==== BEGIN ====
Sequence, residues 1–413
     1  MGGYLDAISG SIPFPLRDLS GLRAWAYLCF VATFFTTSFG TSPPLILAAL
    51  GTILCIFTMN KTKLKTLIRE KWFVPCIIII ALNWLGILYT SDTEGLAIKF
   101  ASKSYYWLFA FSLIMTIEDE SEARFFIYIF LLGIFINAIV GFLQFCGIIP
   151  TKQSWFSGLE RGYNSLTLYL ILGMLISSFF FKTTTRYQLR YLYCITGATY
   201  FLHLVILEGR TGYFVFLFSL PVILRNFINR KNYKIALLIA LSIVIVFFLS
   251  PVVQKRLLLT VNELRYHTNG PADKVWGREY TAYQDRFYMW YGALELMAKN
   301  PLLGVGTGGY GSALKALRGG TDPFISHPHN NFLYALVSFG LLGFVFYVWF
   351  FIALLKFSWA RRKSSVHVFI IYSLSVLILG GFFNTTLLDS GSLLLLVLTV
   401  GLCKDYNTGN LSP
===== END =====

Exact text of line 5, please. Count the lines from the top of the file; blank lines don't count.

   151  TKQSWFSGLE RGYNSLTLYL ILGMLISSFF FKTTTRYQLR YLYCITGATY